Workforce Development

Irregular Work for the 21st Century: a Model from Britain?

November 17, 2014  • Wingham Rowan

Since 2005, the UK government has both nurtured and opposed an innovative model of irregular blue-collar work. It uses sophisticated marketplace technologies to create a platform on which anyone can be available to “work when you can for multiple employers.” It is possible a similar model could take up significant slack in the U.S. labor market. But, as on this side of the Atlantic, there is likely to be ambivalence.

Our story starts with data. Research[i] commissioned by the government showed 13.7 million people in the UK — 22% of our population — who need odd hours of blue-collar work at some point each year. They include carers of dependent adults, those with unpredictable medical conditions, parents with complex childcare arrangements and the partially employed.

Individuals in these groups often can’t fit a job — full or part time — around their commitments. But they could work odd hours on a day-to-day basis. Further research showed the labor market — and support mechanisms for work seekers — were astonishingly intolerant of these people. That compounded what were already often unusually hard lives. Because they had little chance of entering a job, this target pool attracted no attention from employers or employment agencies.

But they clearly wanted to work. A representative 1,000 in East London were shown a system that could meet their needs. It could allow anyone to say what their skills where, the criteria on which they would accept work bookings (how far they would travel from home, how much notice they needed, and so on), and the exact hours they were available (today, tomorrow or weeks ahead). Their hours of availability could be booked by any employer within their rules. 68%[ii] said they wanted to give it a go, preferring it to part time work for a single organization even if that employer could be as flexible as they needed.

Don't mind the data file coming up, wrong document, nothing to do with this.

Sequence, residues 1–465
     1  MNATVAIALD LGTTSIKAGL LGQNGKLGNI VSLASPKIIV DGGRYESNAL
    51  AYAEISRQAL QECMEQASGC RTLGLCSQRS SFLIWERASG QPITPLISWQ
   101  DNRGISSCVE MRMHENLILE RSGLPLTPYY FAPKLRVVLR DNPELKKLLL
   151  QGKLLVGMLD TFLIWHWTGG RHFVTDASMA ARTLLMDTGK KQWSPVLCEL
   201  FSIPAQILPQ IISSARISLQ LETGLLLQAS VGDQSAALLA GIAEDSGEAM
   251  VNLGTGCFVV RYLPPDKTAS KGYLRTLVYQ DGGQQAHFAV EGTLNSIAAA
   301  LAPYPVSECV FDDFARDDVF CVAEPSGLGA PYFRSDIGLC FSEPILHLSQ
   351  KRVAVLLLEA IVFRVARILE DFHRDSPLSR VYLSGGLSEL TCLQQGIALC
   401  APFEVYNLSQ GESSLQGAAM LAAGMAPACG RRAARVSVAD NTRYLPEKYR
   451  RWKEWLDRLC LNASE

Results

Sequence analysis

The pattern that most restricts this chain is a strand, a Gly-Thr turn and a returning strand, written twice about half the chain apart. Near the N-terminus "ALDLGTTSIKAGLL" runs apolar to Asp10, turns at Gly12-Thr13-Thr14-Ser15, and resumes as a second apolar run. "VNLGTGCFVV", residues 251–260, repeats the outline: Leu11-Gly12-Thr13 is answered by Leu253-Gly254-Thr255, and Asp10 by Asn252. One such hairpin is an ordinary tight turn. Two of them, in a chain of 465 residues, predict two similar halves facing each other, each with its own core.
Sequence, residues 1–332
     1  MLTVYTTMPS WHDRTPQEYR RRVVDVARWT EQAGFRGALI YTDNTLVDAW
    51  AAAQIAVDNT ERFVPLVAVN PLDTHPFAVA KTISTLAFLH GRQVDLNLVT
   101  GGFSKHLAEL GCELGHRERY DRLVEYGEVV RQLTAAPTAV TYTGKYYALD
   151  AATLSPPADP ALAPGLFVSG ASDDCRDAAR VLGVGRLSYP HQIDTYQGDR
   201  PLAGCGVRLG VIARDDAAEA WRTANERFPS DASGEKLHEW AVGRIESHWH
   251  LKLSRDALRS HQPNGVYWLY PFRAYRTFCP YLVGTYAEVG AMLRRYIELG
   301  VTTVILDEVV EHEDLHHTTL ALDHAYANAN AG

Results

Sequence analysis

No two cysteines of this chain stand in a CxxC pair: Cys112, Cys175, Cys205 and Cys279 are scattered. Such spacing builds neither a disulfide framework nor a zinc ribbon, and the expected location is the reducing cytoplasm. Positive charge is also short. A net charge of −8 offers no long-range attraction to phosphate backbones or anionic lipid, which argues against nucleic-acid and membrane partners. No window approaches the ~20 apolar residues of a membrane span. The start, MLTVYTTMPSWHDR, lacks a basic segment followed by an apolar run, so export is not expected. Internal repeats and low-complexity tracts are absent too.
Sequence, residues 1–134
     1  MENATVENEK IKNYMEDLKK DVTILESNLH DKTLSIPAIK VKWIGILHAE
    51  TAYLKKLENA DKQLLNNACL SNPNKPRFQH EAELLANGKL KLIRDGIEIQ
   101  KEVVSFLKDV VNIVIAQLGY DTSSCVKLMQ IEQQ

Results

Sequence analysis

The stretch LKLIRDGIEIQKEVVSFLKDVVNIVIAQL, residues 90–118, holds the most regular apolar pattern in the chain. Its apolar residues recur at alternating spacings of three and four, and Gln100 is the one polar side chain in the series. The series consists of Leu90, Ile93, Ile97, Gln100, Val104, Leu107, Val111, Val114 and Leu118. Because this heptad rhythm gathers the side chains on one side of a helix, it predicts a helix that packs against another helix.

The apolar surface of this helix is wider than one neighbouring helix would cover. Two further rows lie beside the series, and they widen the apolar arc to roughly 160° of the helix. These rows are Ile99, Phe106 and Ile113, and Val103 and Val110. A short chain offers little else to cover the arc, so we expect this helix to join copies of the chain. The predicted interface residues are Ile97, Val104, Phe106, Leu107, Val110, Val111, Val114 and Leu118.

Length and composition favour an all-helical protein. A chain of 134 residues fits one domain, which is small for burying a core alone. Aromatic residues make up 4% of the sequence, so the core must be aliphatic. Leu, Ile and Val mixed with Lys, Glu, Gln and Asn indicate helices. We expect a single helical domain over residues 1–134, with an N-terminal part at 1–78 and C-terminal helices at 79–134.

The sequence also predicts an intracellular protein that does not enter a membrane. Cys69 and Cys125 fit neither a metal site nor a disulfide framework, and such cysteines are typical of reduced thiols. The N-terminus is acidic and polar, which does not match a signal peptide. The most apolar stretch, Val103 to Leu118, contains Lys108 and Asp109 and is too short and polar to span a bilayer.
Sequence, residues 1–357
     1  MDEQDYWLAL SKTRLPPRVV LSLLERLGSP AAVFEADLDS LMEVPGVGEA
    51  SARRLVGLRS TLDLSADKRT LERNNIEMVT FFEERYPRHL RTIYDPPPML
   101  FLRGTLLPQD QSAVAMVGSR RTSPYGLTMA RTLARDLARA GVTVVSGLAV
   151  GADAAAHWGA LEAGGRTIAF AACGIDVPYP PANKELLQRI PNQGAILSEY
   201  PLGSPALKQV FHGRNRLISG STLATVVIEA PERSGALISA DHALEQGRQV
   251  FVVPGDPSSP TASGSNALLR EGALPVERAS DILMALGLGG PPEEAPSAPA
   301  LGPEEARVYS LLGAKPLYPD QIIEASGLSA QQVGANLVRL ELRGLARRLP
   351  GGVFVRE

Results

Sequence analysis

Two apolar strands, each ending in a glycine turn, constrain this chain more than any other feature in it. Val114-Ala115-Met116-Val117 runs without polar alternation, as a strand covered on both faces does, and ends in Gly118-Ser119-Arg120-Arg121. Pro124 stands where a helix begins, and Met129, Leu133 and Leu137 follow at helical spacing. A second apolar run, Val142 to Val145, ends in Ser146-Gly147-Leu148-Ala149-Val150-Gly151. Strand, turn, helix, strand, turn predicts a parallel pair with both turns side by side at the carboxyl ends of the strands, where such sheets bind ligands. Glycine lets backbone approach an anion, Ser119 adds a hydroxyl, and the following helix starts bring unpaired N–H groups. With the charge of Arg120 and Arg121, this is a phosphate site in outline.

On the demand side, the same reports found about 20% of employers could use a pool of “top up” workers from which people could be booked on demand at a time they were available. Such employers included retailers, caterers, distribution companies, call centers, the leisure and tourism sector, events organizers and those providing services such as home care, security and cleaning. These organizations could benefit from access to pools of very local, proven reliable, individuals who could be booked willingly at short notice or for short-term requirements. A hotel, for example, could put 15 ad hoc workers through a paid orientation. From that point on, they would have extra kitchen assistants who could be called in for an unexpected mealtime rush.

Launching the new market

The system those East Londoners were shown was progressively made real. It’s called CEDAH (Central Database of Available Hours). The funding came from multiple parts of central and local government. Small scale pilot tests were launched around the UK. The extent of public enthusiasm for this new facility was overwhelming. Residents of one London borough had 18,000 hours of availability in the first week of the program. But the demand side was slower to emerge with employers typically hanging back to let the local market get through its first few months before committing. Too often, by that point, citizens had found their hours weren’t being booked, lost faith in the program and walked away.

It was while this imbalance in supply and early stage demand was becoming clear that the various CEDAH projects (which went under many different names at the time) came onto the radar of DWP, the UK’s ministry of labor. Frequently criticized for lack of innovation, DWP had not been involved in the launch or funding of CEDAH. The ministry initially expressed skepticism about the program: they said it did nothing to create jobs, and possibly even detracted from job creation. They also expressed concern about linking the newer technology behind the available-hours marketplace to DWP’s own systems[iii].